When I decided to start a blog series about women from history, Boudica jumped out at me. Not because she was my favorite historical woman, or because she had some major play in history. She just did. So for no reason whatsoever other than ‘because’, she’ll be my first post subject.
Boudica was a British Queen, back during the Roman Empire. At that point England (And Great Britian as a whole) was made up of different tribes. She was part of the Iceni Tribe which lived in what is now modern day Norfolk.
Boudica (also spelled Boadicea, Boudicea, and called Budding in Welsh) was born around 25 AD She was married to Prasutagus, who was the elected ruler or King of the Iceni. Prasutagus had a agreeable relationship with the Roman Empire, enough so that when he died he left his kingdom to both his daughters and the Empire. This of course caused problems.
The Romans had left the Iceni and the other British tribes for the most part alone since Ceaser visited a century before. However, around 43 AD, Emperor Claudius decided to invade, and this time take control. The Tribes eventually had to submit, but instead of leaving them alone for the most part, Claudius left behind his soldiers on the island. Some of the native population continued to rebel, but successive governors of the island sent by rome made things more and more difficult for the Iceni and their neighbors. At one point they no longer had the ability to have any weapons that could be used for rebellion (hunting weapons were still allowed to a point). When Claudius died, his successor Nero had them build a temple in Camulodunum for him, which required the Celtic Icenic to worship their invader. They were also forced to pay for it. Not having the funds to do so, they ended up borrowing money from rich Romans.
Boudica’s eventual rebellion was motivated by different things, depending on what source you were told. Most of the tales of Boudica were Roman, as there was no written celtic history at the time. However, the Romans who wrote about the Queen of the Iceni had different ideas of what motivated her. According to some, her motivations were due to oppression. The Romans, such as Seneca, who had leant money to the Britions called those loans in with force. The Governers took more and more of the freedoms the Celtic populations enjoyed to keep them under control. THis included destruction of their holy lands, which sadly would not be the last time this would happen in history. This got worse when her husband, who had on friendly terms with the Roman Empire, died. Rome decided to take complete control rather then share with the man’s daughters.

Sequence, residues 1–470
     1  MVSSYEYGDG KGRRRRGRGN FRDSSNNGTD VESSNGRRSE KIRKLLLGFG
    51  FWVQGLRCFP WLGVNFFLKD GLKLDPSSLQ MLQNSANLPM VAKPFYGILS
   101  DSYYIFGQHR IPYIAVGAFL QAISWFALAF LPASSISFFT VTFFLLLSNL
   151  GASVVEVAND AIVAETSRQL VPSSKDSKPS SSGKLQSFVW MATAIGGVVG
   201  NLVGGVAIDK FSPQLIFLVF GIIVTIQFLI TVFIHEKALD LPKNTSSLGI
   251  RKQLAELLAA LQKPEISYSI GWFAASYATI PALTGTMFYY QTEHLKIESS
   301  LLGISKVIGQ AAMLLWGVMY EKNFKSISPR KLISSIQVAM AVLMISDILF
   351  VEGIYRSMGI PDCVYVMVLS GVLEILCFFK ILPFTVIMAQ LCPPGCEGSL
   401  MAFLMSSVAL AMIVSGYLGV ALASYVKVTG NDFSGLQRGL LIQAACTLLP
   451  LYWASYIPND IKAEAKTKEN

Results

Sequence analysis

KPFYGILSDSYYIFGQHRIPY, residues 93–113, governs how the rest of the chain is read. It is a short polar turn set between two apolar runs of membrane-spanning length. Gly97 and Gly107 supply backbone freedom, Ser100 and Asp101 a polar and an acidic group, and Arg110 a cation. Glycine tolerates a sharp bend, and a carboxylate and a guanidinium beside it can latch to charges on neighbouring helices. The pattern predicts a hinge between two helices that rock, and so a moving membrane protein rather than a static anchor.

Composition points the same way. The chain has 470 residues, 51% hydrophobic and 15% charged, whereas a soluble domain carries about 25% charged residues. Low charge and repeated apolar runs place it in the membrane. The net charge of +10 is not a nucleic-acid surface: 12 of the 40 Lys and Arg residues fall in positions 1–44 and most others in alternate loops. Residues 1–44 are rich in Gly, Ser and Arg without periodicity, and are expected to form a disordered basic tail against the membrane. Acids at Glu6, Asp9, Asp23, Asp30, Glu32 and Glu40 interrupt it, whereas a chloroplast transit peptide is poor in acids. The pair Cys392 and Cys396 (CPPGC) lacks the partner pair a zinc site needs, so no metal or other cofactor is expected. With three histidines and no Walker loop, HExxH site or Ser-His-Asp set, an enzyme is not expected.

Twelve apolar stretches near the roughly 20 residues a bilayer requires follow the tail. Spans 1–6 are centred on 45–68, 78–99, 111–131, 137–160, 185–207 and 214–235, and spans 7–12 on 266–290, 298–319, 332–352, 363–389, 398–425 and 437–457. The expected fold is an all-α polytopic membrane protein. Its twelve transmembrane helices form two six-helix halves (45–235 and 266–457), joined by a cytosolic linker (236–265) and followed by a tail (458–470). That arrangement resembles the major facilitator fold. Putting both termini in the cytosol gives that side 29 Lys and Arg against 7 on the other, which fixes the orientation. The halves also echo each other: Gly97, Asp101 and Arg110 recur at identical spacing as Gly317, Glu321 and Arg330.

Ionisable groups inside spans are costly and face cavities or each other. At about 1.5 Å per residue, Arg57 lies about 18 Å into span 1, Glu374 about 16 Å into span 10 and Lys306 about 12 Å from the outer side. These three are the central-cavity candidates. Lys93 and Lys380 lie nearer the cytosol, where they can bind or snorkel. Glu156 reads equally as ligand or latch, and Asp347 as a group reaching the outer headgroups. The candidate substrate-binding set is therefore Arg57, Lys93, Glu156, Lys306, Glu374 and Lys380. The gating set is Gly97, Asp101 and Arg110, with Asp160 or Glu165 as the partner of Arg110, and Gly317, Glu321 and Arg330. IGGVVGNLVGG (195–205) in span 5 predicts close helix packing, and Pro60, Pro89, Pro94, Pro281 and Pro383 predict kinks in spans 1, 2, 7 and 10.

Other accounts have more dramatic reasons. According to Tacitus, Boudica was flogged for resisting her estate being taken over by the local leader and her daughters raped. Given that there is no account from the side of the Celtics, or Boudica herself, its hard to know for sure what really happened to her or her people that caused her to decide to seize leadership and rebel.
In around 60-61 AD, Boudica lead Celtic rebels in full rebellion against the Roman invaders. She attacked, and destroyed several cities. One of which was the City of London, which still bears traces of the attack where Boudica’s army burned the city down. Other cities included Verulamium, and Camulodunum (Colchester). According to Dio, she was vicious in her retribution, killing those who remained in the cities. She had a larger army, with an estimate of 230 thousand. However in the end the Roman leader Suetonius was victorious and returned Britain to Roman control. His troops were better trained and better armed, and in the end that seemed to win the day.
Boudica died soon afterwards, with even her death in dispute. In some accounts she ended it by poison, others she died of an illness. She was given a costly funeral by her tribesman. Despite the loss, she was still greatly respected by most accounts. I suppose in a way its amazing that she managed to not only gain the respect of her fellow celts, but enough respect from the Romans that they told stories about her. They won, they could have told any story they wanted. Made her out to be some demon, but they didn’t.
I suppose it confused them. The Romans weren’t particularly equalitarian when it came to gender. Most of the heroines of their tales were either godesses or foriegn Queens. Boudica, Dido, Cleopatra. Women who defyed the Roman idea of Womanhood.
Today it doesn’t seem that far fetched that a group of fighters would go into battle for their Queen. Its happened many times before. Boudica left in imprint on the history of Great Britain, not just as a Queen. She became a symbol of resistance. She became a subject of Art, and inspiration during the Victorian Age.
Boudica – Wikipedia
Boudica: Celtic War Queen who challenged Rome